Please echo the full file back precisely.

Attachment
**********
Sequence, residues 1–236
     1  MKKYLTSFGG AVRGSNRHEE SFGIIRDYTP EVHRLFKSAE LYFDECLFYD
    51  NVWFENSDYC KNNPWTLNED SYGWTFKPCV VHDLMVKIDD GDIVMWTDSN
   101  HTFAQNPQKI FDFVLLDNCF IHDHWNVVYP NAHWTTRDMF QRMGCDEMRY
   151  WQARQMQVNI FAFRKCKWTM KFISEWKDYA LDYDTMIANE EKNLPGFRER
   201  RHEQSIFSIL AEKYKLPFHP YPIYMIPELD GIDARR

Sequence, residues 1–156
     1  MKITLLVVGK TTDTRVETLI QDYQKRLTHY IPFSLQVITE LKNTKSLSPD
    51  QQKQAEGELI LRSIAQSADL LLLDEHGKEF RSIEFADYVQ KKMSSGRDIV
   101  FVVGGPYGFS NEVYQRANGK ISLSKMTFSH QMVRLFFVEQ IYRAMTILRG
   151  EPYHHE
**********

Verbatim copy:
Sequence, residues 1–236
     1  MKKYLTSFGG AVRGSNRHEE SFGIIRDYTP EVHRLFKSAE LYFDECLFYD
    51  NVWFENSDYC KNNPWTLNED SYGWTFKPCV VHDLMVKIDD GDIVMWTDSN
   101  HTFAQNPQKI FDFVLLDNCF IHDHWNVVYP NAHWTTRDMF QRMGCDEMRY
   151  WQARQMQVNI FAFRKCKWTM KFISEWKDYA LDYDTMIANE EKNLPGFRER
   201  RHEQSIFSIL AEKYKLPFHP YPIYMIPELD GIDARR

Sequence, residues 1–156
     1  MKITLLVVGK TTDTRVETLI QDYQKRLTHY IPFSLQVITE LKNTKSLSPD
    51  QQKQAEGELI LRSIAQSADL LLLDEHGKEF RSIEFADYVQ KKMSSGRDIV
   101  FVVGGPYGFS NEVYQRANGK ISLSKMTFSH QMVRLFFVEQ IYRAMTILRG
   151  EPYHHE